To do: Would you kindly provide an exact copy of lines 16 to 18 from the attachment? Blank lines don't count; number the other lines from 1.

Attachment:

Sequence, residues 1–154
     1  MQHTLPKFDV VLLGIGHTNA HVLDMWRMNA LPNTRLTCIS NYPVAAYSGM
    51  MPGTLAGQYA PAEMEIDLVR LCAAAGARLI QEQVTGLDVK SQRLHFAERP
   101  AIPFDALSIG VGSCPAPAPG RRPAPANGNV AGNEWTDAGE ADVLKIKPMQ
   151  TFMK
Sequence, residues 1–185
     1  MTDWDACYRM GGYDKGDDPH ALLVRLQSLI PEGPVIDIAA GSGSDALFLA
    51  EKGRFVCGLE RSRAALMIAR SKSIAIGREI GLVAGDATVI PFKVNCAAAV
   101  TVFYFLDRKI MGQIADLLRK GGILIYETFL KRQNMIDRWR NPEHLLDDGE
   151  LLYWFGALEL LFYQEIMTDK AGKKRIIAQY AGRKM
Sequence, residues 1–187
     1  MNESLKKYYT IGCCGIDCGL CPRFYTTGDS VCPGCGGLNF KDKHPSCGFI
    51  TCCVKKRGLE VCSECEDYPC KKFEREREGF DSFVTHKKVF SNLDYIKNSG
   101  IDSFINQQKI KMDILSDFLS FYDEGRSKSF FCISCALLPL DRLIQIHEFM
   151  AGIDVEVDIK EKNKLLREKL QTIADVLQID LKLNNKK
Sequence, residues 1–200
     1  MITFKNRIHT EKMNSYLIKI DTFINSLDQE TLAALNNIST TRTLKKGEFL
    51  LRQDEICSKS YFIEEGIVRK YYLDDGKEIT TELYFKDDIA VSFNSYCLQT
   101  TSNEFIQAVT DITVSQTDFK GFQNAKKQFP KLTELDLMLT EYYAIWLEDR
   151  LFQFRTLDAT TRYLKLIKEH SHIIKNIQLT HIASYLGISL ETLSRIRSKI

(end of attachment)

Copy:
Sequence, residues 1–200
     1  MITFKNRIHT EKMNSYLIKI DTFINSLDQE TLAALNNIST TRTLKKGEFL
    51  LRQDEICSKS YFIEEGIVRK YYLDDGKEIT TELYFKDDIA VSFNSYCLQT